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Beguea apetala Capuron

Protologue
Mém. Mus. natl. Hist. nat., sér. B, Bot. 19: 105 (1969).
Family
Sapindaceae
Origin and geographic distribution
Beguea apetala is endemic to Madagascar, where it is found in the northern and eastern parts of the island.
Uses
The wood of Beguea apetala is primarily used for boat building, as is the case for several other Sapindaceae species.
Botany
Dioecious medium-sized tree up to 25 m tall; bole up to 50 cm in diameter; young twigs yellowish brown to reddish brown hairy, soon becoming glabrous. Leaves alternate, paripinnately compound with 3–7 pairs of leaflets; stipules absent; petiole 2.5–7 cm long, rachis 3–17 cm long; petiolules 2–5 mm long; leaflets opposite to alternate, elliptical to lanceolate, 3–16 cm × 1.5–4.5 cm, cuneate at base, usually acuminate at apex, margins entire, glabrous, pinnately veined with many lateral veins. Inflorescence a slender, axillary raceme up to 25 cm long, densely short-hairy. Flowers unisexual, regular; pedicel 2–5 mm long; calyx 1.5–3 mm in diameter, with 5–8 short lobes, short-hairy outside; petals absent; stamens 6–8, up to 8.5 mm long, filaments pink, anthers purple; disk thick, cushion-shaped; ovary superior, c. 2 mm long, 3-celled, style c. 2.5 mm long; male flowers with rudimentary ovary, female flowers with reduced stamens. Fruit a globose to obovoid berry up to 2 cm long, indehiscent, 1-seeded. Seed globose to obovoid, c. 12 mm long, brown, enclosed by fleshy, translucent aril.
Beguea comprises about 7 species and is endemic to Madagascar.
Ecology
Beguea apetala occurs in sub-humid and humid evergreen forest from sea-level up to 1000 m altitude.
Genetic resources and breeding
Beguea apetala is fairly widespread and there are no indications that it is threatened, but monitoring its populations will be meaningful in view of the reduction of natural forest areas in eastern Madagascar.
Prospects
As is the case for other Sapindaceae species with similar use and wood quality, proper management of populations of Beguea apetala is needed to ensure sustainable use, but data are lacking to do adequate recommendations.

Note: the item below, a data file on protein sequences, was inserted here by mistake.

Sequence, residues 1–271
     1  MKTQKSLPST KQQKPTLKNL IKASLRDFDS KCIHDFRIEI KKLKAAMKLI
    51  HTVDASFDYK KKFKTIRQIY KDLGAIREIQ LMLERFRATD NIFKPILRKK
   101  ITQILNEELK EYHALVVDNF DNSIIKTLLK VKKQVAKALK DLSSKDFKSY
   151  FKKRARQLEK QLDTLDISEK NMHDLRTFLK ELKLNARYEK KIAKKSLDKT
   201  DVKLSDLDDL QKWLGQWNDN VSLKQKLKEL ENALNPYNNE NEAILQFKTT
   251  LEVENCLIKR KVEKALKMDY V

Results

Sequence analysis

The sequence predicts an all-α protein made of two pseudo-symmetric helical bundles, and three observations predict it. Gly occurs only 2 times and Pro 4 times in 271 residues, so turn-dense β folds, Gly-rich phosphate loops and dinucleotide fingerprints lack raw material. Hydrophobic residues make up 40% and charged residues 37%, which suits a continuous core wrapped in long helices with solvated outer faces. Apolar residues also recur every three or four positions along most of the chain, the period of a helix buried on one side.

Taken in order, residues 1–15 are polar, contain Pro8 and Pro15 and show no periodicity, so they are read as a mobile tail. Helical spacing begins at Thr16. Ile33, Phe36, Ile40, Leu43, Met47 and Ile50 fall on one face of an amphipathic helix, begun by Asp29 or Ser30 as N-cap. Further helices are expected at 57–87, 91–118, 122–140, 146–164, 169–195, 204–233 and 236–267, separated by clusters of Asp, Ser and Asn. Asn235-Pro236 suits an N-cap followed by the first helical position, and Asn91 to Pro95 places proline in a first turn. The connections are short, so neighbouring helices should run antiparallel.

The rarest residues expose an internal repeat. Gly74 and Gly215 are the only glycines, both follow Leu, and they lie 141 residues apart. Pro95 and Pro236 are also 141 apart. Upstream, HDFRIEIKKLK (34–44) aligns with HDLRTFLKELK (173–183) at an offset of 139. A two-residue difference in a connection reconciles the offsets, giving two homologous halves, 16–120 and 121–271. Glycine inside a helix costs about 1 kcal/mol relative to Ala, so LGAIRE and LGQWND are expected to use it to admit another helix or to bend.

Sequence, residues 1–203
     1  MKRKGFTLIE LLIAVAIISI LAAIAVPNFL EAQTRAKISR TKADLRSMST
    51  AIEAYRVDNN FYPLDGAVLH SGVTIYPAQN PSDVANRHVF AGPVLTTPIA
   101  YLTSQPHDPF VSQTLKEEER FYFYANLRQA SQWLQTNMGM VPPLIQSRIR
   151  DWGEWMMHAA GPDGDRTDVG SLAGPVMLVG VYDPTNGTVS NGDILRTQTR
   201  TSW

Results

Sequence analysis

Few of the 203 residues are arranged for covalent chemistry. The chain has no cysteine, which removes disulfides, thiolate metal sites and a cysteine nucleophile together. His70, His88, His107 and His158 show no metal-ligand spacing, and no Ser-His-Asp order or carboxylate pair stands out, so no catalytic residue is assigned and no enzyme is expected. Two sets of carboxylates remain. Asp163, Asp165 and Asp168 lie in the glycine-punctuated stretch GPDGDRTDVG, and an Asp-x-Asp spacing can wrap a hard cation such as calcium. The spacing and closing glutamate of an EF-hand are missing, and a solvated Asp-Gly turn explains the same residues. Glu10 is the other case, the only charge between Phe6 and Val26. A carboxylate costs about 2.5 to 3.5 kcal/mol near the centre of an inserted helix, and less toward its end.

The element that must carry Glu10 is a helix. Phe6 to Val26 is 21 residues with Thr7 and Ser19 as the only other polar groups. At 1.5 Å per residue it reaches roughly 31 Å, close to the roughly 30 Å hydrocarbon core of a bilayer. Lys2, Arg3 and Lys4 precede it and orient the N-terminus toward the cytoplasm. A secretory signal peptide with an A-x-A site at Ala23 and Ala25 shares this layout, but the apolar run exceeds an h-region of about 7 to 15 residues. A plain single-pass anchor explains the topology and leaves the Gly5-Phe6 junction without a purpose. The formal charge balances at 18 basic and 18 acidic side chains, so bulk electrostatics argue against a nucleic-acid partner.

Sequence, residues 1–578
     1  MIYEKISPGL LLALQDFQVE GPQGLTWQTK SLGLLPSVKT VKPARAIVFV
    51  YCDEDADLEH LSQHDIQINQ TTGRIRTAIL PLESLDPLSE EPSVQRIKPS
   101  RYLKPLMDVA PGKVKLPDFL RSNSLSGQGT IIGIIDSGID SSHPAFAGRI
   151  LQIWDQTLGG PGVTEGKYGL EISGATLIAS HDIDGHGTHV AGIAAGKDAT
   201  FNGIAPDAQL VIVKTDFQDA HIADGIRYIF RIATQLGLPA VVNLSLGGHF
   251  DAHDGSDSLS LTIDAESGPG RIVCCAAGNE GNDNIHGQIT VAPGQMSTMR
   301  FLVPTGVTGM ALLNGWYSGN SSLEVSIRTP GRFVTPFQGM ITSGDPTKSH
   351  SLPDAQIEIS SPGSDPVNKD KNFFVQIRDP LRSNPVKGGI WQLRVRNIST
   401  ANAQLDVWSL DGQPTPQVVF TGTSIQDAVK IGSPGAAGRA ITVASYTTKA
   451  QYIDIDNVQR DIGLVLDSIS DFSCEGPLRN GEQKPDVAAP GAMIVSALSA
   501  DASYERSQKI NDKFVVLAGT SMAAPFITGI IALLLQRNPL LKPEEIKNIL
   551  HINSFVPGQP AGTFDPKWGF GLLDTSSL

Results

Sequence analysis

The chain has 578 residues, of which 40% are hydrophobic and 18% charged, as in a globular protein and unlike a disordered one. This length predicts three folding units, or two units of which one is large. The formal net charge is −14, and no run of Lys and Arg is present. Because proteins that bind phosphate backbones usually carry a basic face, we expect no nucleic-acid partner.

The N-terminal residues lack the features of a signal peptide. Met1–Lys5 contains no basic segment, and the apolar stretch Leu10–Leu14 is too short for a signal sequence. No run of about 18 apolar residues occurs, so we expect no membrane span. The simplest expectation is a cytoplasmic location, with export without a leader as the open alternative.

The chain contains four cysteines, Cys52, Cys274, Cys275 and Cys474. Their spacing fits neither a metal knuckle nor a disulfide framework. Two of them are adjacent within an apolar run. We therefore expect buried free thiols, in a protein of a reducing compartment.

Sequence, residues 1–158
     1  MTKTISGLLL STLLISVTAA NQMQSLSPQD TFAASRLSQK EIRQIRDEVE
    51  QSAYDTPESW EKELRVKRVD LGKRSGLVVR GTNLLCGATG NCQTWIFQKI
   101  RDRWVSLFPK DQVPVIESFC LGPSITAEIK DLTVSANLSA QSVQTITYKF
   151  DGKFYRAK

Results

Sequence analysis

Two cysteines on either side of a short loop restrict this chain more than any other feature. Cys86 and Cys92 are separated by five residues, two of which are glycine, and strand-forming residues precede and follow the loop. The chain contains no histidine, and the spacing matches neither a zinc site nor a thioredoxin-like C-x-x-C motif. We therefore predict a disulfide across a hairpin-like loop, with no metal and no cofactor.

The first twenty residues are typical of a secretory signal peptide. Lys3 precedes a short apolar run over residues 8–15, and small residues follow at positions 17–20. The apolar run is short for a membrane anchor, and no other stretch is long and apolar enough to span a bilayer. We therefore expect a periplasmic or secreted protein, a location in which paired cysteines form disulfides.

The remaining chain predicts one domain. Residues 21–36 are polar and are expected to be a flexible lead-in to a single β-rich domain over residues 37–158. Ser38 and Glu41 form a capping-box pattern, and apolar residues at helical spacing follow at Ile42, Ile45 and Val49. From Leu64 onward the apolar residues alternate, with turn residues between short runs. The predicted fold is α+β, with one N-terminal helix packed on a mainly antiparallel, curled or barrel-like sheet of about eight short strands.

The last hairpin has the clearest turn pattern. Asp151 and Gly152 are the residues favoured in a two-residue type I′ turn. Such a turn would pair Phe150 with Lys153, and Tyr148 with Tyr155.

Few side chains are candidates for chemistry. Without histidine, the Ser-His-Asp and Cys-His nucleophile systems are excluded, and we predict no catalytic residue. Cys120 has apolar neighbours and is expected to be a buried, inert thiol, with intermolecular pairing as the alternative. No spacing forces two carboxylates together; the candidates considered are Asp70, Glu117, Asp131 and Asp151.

Major references
• Boiteau, P., Boiteau, M. & Allorge-Boiteau, L., 1999. Dictionnaire des noms malgaches de végétaux. 4 Volumes + Index des noms scientifiques avec leurs équivalents malgaches. Editions Alzieu, Grenoble, France.
• Capuron, R., 1969. Révision des Sapindacées de Madagascar et des Comores. Mémoires du Muséum National d’Histoire Naturelle, Nouvelle série, Série B, Botanique 19: 1–189.
• Schatz, G.E., 2001. Generic tree flora of Madagascar. Royal Botanic Gardens, Kew, Richmond, United Kingdom. 477 pp.
Other references
• Buerki, S., Forest, F., Acevedo-Rodriguez, P., Callmander, M.W., Nylander, J.A.A., Harrington, M., Sanmartin, I., Kupfer, P. & Alvarez, N., 2009. Plastid and nuclear DNA markers reveal intricate relationships at subfamilial and tribal levels in the soapberry family (Sapindaceae). Molecular Phylogenetics and Evolution 51(2): 238–258.
• Buerki, S., Lowry II, P.P., Phillipson, P.B. & Callmander, M.W., 2010. Molecular phylogenetic and morphological evidence supports recognition of Gereaua, a new endemic genus of Sapindaceae from Madagascar. Systematic Botany 35(1): 172–180.
• TransMad, 2004. La filière de construction de goélettes des chantiers navals de Belo sur mer et les problématiques d’approvisionnement en matière première. [Internet] http://www.transmad.org/ news/38/46/ Le-rapport-de-synthese-bibliographique.html. Accessed May 2010.
Author(s)
C.H. Bosch
PROTA Network Office Europe, Wageningen University, P.O. Box 341, 6700 AH Wageningen, Netherlands


Editors
R.H.M.J. Lemmens
PROTA Network Office Europe, Wageningen University, P.O. Box 341, 6700 AH Wageningen, Netherlands
D. Louppe
CIRAD, Département Environnements et Sociétés, Cirad es-dir, Campus international de Baillarguet, TA C-DIR / B (Bât. C, Bur. 113), 34398 Montpellier Cedex 5, France
A.A. Oteng-Amoako
Forestry Research Institute of Ghana (FORIG), University P.O. Box 63, KNUST, Kumasi, Ghana
Associate editors
E.A. Obeng
Forestry Research Institute of Ghana (FORIG), University P.O. Box 63, KNUST, Kumasi, Ghana

Correct citation of this article:
Bosch, C.H., 2011. Beguea apetala Capuron. In: Lemmens, R.H.M.J., Louppe, D. & Oteng-Amoako, A.A. (Editors). Prota 7(2): Timbers/Bois d’œuvre 2. [CD-Rom]. PROTA, Wageningen, Netherlands.
Distribution Map wild